As for books, David Reynolds’s In Command of History:Churchill Fighting and Writing the Second World War offers an engaging narrative and trenchant analysis of how Winston Churchill came to craft and distort his World War II memoirs that have loomed so large in our understanding of the politics, diplomacy, and strategy of Britain and the United States. I’ve gotten some of the best graduate-seminar discussions about the nature of history and the reliability of sources from that book.

What do you value most about the history profession?
I think that the combination of teaching and research is a very creative process. Both undergraduate and graduate classes have pushed me into questions and directions that I would not have considered otherwise. Sometimes the odd alignment of courses that look at different centuries or continents in the same semester (even on the same day) reveals intriguing patterns. I am also fortunate to work in a department that has strong ties to the Contemporary History Institute at Ohio, which allows me to think actively and frequently about the linkages of past and present and the ways in which history is used and abused in current political and public discourse. Somebody will always try to use the past in order to advocate policy or going to war. A current example is the increasingly intense discussion about what the Vietnam War can tell us about counterinsurgency and the nature of war in the 21st century.

Do you have a favorite AHA annual meeting anecdote you would like to share?
I am afraid my AHA meeting memories are still heavily colored by four or five years on the job market. Most of them are only amusing in hindsight, like the incredibly soft-spoken hiring committee that made it easier to follow the conversation one table over to the right than to know what was going on in my own interview. I must say that I have gotten some of the most insightful and challenging questions about my research during job interviews and often from senior scholars who are nowhere close to my own field of studies. That has been an eye-opening lesson in professionalism and intellectual rigor. But, frankly, what I like best about the annual meeting is the ability to catch up with a lot friends and colleagues all in one place.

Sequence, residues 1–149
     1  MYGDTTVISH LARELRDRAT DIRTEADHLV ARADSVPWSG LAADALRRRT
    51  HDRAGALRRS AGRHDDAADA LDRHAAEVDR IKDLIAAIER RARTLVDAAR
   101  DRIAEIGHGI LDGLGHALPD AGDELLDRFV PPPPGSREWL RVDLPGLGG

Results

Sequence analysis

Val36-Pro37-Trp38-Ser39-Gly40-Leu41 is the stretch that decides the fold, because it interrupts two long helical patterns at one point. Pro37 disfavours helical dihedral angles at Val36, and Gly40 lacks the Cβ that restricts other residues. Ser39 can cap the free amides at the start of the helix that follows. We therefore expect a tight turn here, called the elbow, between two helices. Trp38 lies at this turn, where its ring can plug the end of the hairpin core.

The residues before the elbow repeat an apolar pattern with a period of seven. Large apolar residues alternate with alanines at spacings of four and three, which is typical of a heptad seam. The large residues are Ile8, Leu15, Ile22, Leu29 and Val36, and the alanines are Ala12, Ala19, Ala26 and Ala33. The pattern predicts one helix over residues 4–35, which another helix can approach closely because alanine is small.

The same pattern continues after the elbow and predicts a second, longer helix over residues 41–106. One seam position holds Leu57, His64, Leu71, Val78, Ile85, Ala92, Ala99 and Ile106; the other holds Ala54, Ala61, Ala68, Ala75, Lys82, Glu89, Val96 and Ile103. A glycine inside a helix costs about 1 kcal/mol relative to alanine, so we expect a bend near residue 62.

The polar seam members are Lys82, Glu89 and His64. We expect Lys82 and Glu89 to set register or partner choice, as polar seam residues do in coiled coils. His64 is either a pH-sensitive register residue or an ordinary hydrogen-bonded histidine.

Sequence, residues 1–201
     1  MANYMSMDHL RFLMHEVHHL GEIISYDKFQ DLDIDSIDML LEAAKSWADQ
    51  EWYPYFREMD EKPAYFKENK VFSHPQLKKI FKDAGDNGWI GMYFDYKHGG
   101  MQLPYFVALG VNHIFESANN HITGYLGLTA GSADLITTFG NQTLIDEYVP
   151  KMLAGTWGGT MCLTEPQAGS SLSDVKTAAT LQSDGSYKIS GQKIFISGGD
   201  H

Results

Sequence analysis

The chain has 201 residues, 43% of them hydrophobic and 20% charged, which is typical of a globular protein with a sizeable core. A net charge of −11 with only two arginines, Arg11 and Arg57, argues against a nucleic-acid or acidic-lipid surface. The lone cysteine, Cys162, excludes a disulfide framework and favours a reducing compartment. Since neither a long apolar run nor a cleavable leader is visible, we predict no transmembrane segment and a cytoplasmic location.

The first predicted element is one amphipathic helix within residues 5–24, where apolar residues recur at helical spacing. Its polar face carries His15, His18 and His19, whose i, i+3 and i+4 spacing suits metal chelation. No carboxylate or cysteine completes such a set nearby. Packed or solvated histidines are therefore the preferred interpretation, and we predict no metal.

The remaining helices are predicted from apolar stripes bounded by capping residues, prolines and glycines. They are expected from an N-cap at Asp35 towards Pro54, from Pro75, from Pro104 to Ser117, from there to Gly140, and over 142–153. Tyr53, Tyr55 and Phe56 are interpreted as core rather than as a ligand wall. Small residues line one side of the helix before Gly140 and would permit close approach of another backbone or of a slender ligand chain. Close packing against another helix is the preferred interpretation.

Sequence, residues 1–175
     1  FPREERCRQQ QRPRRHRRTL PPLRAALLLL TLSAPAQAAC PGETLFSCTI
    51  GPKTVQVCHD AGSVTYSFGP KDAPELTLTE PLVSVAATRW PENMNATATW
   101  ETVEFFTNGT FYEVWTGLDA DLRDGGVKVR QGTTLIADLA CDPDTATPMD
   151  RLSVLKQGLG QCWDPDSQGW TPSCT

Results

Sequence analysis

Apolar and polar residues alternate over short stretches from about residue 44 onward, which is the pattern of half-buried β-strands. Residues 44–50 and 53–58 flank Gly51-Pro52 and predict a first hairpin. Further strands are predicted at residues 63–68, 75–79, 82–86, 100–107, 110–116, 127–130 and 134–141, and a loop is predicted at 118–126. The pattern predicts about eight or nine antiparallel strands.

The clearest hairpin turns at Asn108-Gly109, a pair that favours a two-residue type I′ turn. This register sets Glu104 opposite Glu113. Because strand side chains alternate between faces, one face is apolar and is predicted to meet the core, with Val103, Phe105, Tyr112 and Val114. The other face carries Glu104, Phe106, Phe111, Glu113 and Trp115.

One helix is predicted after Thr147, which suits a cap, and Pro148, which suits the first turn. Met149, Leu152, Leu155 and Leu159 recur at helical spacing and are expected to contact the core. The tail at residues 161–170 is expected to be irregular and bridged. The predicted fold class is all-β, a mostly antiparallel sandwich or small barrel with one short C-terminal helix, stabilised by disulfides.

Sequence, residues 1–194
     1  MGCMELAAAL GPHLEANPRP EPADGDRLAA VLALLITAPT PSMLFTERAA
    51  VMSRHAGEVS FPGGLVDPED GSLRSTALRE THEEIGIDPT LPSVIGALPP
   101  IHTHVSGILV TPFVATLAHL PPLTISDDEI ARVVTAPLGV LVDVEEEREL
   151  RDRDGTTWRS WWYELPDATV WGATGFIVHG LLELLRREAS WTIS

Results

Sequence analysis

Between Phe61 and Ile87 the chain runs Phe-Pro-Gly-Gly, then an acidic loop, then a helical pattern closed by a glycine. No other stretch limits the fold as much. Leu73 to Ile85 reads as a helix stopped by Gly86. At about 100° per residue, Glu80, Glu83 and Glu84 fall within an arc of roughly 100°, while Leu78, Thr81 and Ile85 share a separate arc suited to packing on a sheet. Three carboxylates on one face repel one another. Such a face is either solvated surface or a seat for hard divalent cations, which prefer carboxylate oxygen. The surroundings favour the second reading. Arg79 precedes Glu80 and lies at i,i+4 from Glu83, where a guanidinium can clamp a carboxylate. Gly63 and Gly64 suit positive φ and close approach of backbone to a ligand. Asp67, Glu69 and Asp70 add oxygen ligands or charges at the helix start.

Other than history, what are you passionate about?
I have a long-standing and much too deep emotional investment in soccer and in my hometown team (Stuttgart). Spending Saturday afternoons in the stands is what I miss most and so I read up on the German league religiously and I try to catch as many games as possible online. Playing has become more difficult, but I like to go hiking and generally spend time in nature.

Any final thoughts?
One of the great contributions of the liberal arts to society is our effort to push students to think critically and analytically and to communicate clearly. I am concerned about what I see in colleges and universities now: that constant institutional pressure for more students in classes and the political pressure for shorter times to degree completion. I imagine Ohio’s push for a three-year degree is far from unique and I am worried what that will do to higher education. I am less concerned about the structures than about the product, students who are being rushed through and aren’t given the necessary time to mature into critical thinkers. Clearly, college is too expensive as either vocational school or a four-to-six-year camp. There has to be something more and I get the sense that we’re at a crossroads.